As I rarely discard a book, it should thus come as no surprise that I have overflowing shelves of novels I’ve once read, enjoyed, savoured and then swore up-and-down-back-and-forth that I was going to re-read someday. Alas, it is someday. I’m spending whole of 2016 revisiting my book collection, digging back into books I read once, but that I haven’t read (or listened to) in at least four years. So, we’re about to find out what was worth reading… twice.
While Robert Jordan’s Wheel of Time series may not be nearly as well known as something more Tolkien-esque, the comparison is probably fair. I’ve just started reading the first book in this fourteen (?) book epic series again, a novel called The Eye of the World and the switch into high fantasy (after the two recent hard science fiction selection I’ve been indulging in) is definitely welcome.
What I remember of this novel is curious and a bit rambling. I was in Vancouver and some friends had come for a visit, and while we were out wandering and doing things in the city we met up with another of their friends. We wound up at his house and sitting on his apartment floor was this stack of Robert Jordan novels. I was thumbing through them, and he asks me if I’ve ever read them. “Never heard of them.” I say, to which he says, “They’re kind of a cult series. You’ll be reading one on a bus and look up and there will be someone else reading one and you’ll just nod and know, y’know.” So I went out the next day and bought it. Didn’t read it right away, but instead left it on my shelf for a few months until, later that summer, I dragged the paperback of book one to Mexico for our honeymoon. And that was the first time I read a Robert Jordan novel… on a beach in Mexico. The first novel I read after I got married. Weird, huh?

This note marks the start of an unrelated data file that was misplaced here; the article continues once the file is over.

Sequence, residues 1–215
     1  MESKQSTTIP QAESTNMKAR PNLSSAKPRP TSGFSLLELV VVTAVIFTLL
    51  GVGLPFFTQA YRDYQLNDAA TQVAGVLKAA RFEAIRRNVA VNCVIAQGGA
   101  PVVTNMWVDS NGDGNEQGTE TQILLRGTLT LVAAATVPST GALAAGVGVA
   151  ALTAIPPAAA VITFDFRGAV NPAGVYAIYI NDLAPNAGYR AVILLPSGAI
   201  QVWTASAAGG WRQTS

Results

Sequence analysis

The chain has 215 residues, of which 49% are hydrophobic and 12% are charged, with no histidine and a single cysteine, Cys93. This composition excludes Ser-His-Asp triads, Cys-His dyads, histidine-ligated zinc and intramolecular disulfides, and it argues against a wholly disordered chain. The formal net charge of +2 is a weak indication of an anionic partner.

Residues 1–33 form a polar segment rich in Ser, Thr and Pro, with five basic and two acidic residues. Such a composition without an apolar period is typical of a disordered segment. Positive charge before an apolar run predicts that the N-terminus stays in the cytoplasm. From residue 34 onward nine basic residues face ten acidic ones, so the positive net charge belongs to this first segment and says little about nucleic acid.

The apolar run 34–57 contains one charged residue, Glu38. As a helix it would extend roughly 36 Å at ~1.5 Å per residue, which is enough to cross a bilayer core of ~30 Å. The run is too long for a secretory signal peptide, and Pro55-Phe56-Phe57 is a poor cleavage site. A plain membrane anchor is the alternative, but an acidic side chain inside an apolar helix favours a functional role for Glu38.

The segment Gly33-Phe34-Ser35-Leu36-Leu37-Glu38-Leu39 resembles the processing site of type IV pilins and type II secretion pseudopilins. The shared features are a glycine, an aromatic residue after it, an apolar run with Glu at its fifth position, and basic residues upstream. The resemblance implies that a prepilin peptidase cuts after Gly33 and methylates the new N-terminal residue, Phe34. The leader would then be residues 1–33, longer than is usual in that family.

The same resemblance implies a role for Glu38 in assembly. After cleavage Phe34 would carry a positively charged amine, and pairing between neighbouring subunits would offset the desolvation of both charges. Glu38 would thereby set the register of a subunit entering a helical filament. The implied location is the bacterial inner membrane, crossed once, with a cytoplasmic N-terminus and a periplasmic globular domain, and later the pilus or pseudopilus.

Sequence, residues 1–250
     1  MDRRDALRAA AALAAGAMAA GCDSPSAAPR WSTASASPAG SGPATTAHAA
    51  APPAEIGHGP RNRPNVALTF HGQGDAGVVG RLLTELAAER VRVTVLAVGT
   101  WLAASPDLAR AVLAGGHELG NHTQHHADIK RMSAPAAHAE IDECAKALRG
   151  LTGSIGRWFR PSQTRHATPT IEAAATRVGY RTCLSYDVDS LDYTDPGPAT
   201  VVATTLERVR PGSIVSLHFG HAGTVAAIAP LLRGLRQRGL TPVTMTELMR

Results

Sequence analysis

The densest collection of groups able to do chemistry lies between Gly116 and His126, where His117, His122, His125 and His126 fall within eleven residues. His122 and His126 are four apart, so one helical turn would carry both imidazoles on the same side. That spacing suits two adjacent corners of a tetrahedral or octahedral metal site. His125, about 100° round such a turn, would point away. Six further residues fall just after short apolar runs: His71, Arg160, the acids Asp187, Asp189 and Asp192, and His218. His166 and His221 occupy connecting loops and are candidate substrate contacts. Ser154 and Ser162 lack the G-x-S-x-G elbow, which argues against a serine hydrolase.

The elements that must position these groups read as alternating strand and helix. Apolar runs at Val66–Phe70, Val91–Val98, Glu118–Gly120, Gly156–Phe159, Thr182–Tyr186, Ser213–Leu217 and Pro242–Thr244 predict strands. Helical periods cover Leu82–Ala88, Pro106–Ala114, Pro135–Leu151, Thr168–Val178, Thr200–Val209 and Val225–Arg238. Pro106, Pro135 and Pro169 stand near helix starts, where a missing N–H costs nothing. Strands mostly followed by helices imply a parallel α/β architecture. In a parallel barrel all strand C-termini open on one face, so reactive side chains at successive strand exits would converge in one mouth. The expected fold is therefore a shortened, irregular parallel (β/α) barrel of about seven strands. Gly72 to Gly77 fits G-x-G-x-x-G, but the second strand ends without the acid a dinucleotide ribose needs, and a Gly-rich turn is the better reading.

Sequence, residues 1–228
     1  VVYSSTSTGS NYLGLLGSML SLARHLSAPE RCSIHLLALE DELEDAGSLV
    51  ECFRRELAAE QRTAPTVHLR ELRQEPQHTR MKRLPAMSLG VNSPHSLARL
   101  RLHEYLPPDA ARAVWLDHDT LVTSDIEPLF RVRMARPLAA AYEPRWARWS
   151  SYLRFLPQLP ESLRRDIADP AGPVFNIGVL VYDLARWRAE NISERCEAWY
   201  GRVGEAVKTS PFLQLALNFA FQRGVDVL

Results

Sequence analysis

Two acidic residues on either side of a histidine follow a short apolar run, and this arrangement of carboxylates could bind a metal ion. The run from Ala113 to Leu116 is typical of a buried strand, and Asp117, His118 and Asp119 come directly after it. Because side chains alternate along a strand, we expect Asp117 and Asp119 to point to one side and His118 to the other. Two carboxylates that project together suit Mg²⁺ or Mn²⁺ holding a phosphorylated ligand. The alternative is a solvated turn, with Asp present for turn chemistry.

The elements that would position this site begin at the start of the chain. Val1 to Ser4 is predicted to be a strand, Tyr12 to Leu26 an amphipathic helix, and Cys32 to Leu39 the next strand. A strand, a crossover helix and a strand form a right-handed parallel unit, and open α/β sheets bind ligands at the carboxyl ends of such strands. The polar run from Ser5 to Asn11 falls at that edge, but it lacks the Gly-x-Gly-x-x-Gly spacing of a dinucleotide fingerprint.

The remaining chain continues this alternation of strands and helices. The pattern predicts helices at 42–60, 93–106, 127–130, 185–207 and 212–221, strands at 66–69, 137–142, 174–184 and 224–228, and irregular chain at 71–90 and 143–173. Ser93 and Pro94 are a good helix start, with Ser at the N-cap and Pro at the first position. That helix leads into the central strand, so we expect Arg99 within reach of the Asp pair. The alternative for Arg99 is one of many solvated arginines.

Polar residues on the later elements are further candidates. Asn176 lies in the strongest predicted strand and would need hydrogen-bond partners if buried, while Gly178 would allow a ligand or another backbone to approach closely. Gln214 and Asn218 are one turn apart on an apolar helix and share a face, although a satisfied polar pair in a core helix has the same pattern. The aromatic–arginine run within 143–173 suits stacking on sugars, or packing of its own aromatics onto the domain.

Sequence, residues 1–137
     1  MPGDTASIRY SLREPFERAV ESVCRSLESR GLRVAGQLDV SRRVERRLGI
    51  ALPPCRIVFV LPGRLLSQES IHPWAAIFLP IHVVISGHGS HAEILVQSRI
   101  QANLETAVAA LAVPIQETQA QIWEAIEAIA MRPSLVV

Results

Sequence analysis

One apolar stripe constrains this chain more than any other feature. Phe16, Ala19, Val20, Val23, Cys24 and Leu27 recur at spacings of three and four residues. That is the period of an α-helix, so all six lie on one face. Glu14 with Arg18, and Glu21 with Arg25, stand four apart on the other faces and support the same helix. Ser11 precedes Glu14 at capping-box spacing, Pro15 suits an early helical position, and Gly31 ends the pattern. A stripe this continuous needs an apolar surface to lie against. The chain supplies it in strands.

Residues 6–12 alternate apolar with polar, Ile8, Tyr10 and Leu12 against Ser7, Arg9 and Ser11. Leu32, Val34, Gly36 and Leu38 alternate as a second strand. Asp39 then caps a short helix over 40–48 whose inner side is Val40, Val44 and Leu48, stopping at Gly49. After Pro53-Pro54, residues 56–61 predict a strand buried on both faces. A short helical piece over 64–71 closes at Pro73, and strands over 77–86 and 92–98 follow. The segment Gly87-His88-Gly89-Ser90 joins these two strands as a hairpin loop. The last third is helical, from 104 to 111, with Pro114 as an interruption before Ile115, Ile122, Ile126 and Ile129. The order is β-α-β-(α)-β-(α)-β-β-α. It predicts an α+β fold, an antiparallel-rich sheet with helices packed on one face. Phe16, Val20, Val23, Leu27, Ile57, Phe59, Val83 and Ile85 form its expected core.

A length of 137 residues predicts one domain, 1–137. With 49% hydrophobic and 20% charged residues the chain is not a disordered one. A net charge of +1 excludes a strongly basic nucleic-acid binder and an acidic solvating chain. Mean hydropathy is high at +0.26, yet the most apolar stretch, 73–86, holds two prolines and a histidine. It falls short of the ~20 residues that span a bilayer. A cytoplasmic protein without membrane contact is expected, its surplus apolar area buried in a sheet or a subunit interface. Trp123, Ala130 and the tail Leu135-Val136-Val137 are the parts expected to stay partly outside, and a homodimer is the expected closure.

I presume something similar –cultish, fantasy series– could be said about “Game of Thrones” these days –or five years ago, before the HBO thing– but in 2003, Jordan was all the rage among closet fantasy nerds. Just no TV series.
The plot is typical fantasy stuff: hero’s journey, magic, dark powers stirring in high mountains, and only knights, swords and the unlikely hero from the sticks can save the world. It’s rich and thick with detail, and this particular version is over 800 pages long. I guess I’d better stop wasting time blogging and do some reading…